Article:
Although best known for his views of Venice, Canaletto spent nine years living in London and painting English subjects. Huon Mallalieu admires the results.
During the 1730s and early 1740s, no British Grand Tourist could return from Venice without his pair of Canalettos, just as, slightly later, he could not visit Rome without sitting to Batoni.
The milordi were by no means the only patrons of these artists, but they were highly important in establishing their reputations above those of other view and face painters.
As the historian Sir John Plumb warned: ‘It should never be forgotten that the 18th century Englishman was rich rather than cultured…cherishing an excessive respect both for the art of France and Italy and for the glories of Greece and Rome.’ As a result, more Canalettos (and Poussins) came to England than anywhere else.
Giovanni Antonio Canal, ‘il Canaletto’ (1697–1768) is admired again nowadays, but it was not always so. In 1866, Richard and Samuel Redgrave could write in Little Englander vein of his arrival in London: ‘The works and reputation of this Italian had preceded him; the facility and apparent certainty of his execution, and even the mechanical methods of handling displayed in his works, had a charm for those who had been accustomed to the tiresome excellence of the Dutch School.’
They deplored his influence—‘many of his mechanical modes of imitating Nature were adopted by our landscape painters of the period’.
That influence was due not so much to his Venetian views as to the English subjects that he produced while living in what is now Beak Street, Soho, between 1746 and 1755. From 1740, the Continent was engulfed by the War of the Austrian Succession, and the lucrative flow of milordi to Italy stopped. The Venetian Republic’s long decline accelerated and artists left to pursue careers abroad.
London was a natural destination for Canaletto, encouraged by such patrons as Sir Hugh Smithson, soon to be Earl and later Duke of Northumberland, not only because he was already well known there, but chiefly because it was rapidly becoming the greatest city in the world.
Between the Treaty of Utrecht and the failure of the 1715 rebellion, and the War of Jenkins’ Ear with Spain from 1739, Britain had experienced an unusual period of tranquillity under the somnolent regime of Sir Robert Walpole (later 1st Earl of Orford). As a result, the building boom that had begun with the Restoration and the Fire of London was fuelled by prosperity.
As Steven Parissien, curator of the exhibition at Compton Verney, and his fellow writers in the accompanying publication, Celebrating Britain: Canaletto, Hogarth and Patriotism, emphasise, the majority of Canaletto’s English works were intended to celebrate the latest achievements of British architecture, including seeming anomalies as Warwick Castle, recently modernised, or Hawksmoor’s new Gothic towers for Westminster Abbey. When older structures, such as the Old Horse Guards or Old London Bridge, take centre stage, it is because they were about to disappear.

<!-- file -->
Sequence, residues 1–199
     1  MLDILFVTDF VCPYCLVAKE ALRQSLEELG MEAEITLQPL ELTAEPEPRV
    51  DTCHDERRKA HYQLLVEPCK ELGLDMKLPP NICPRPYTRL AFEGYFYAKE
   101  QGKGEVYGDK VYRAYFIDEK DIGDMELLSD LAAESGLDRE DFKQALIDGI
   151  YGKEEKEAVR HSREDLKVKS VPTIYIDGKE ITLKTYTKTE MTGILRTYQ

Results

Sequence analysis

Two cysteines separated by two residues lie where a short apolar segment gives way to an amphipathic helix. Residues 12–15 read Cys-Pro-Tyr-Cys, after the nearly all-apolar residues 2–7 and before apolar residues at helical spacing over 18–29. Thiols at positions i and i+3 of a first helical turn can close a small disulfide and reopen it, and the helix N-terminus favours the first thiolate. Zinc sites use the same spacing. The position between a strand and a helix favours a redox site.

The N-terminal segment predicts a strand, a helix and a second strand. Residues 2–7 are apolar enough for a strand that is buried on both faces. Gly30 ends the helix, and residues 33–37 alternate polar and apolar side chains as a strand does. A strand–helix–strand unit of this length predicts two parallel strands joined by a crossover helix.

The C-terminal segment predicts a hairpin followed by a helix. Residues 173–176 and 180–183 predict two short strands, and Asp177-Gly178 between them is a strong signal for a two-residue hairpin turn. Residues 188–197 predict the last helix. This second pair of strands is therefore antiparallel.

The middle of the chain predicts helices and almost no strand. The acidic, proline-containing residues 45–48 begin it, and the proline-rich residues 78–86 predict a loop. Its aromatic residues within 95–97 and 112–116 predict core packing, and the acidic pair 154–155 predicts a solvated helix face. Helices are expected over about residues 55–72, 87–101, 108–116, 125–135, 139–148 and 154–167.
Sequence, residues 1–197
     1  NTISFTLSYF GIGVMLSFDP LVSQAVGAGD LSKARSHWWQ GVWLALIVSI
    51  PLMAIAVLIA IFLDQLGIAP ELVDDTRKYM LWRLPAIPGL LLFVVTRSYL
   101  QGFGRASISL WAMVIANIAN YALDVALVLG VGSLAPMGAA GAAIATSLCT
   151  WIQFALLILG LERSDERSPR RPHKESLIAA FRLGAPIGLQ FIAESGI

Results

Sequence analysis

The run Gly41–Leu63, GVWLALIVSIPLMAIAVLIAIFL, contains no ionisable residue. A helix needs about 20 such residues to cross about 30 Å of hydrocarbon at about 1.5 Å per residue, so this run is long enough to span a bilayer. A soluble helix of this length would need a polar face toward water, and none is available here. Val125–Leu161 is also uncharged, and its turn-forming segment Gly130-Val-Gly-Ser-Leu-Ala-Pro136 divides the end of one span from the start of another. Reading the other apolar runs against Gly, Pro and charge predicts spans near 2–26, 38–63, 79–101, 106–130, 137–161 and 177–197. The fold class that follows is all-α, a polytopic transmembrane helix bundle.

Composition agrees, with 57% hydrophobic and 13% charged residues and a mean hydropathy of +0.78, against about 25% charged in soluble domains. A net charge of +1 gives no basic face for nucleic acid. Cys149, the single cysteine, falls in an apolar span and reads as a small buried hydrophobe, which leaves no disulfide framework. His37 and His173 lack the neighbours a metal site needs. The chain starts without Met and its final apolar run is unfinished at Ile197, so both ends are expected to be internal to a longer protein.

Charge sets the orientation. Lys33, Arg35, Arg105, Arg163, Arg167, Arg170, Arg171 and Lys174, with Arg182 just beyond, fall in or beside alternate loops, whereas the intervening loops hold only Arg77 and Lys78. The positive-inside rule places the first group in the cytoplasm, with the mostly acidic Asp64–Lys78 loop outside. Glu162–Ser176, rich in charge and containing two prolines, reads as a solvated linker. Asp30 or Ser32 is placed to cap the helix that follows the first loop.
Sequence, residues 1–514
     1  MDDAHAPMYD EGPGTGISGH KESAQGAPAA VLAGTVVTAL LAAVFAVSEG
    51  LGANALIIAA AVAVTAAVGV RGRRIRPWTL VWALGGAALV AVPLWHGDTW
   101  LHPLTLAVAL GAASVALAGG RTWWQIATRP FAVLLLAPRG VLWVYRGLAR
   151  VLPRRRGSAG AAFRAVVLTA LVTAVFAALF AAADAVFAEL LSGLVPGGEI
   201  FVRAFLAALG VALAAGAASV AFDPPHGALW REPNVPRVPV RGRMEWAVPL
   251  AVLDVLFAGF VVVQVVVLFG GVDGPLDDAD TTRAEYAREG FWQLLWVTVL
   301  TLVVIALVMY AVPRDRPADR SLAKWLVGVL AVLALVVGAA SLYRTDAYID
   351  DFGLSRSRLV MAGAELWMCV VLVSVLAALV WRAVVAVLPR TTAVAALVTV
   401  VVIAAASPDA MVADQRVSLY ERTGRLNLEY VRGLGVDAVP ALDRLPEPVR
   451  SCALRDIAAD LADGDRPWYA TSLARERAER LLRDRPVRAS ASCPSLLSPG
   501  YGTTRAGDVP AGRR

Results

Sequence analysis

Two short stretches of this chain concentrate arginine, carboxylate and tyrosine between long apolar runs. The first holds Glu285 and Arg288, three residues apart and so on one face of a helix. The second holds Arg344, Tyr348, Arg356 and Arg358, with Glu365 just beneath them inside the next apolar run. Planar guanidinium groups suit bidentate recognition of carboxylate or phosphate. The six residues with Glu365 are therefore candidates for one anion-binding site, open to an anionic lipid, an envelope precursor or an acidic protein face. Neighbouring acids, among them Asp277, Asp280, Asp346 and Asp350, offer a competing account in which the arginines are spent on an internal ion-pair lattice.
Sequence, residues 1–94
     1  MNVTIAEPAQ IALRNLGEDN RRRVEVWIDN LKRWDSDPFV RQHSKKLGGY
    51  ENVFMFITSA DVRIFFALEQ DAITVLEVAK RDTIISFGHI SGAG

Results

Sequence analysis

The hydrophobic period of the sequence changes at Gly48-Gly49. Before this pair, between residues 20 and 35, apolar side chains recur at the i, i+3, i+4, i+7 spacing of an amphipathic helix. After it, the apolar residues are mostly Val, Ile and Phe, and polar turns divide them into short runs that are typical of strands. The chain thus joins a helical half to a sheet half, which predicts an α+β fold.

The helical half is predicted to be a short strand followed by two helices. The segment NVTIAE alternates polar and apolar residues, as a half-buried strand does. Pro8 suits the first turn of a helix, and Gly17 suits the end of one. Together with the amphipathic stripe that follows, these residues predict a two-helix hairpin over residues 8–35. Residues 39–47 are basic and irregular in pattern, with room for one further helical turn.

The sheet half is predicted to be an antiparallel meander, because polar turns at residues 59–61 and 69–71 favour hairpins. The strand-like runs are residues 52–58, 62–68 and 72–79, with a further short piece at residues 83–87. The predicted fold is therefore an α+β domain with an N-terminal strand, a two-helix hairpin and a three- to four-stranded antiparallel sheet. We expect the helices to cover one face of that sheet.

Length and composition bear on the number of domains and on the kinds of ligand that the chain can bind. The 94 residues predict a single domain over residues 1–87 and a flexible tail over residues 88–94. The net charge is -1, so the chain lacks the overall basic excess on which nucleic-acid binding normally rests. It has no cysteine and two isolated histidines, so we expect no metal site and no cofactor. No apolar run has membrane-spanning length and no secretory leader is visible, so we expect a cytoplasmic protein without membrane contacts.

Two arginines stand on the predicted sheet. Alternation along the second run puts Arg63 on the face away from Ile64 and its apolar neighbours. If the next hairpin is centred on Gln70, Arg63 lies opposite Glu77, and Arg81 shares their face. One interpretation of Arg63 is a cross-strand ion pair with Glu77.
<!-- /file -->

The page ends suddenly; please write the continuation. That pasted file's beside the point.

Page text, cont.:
Canaletto must have questioned his wisdom in coming to London when the city, and his patrons, had so recently been threatened by the Jacobite army, but with the retreat from Derby, Culloden and the 1748 Peace of Aix-la-Chapelle, his career resumed its prosperous course.
It was natural that a Venetian should be most at home by the river and one of Canaletto’s principal subjects was Westminster Bridge, built between 1739 and 1750 and regarded by many as the engineering triumph of the age. Batty Langley wrote against it, but his own design had been rejected in favour of that of the naturalised Swiss Charles Labelye.
The Gentleman’s Magazine was more positive, seeing it ‘a very great ornament to our metropolis, and will be looked on with pleasure or envy by all foreigners. The surprising echo in the arches brings much company with French horns to entertain themselves under it in summer; and with the upper part, for an agreeable airing, none of the publick walks or gardens can stand in competition’.
It was Canaletto’s task, on behalf of promoters including Northumberland, to ensure that all foreigners should know of it. One of his innovative tricks, much imitated by future generations, was the viewpoint from beneath one of the acoustic arches, using it to frame St Paul’s and the new City churches. Perhaps even more than in Venetian views, he gives an illusion of an exact record, while playing with his subjects.
He was happy to alter even so well known a structure as the cathedral when it suited him. As Michael Levey put it, Canaletto’s London is ‘as clean and neat as a town embedded in a glass paperweight: and as hard, clear and miniature—and distant’.
The show, which goes on to The Holburne Museum in Bath in June and Abbot Hall Art Gallery in Kendal, Cumbria, in October, also shows that the best of Canaletto’s British competitors, notably William Marlow and Samuel Scott, were no mere imitators.
‘Canaletto: Celebrating Britain’ is at Compton Verney, Warwickshire, until June 7 (01926 645 500; www.comptonverney.org.uk)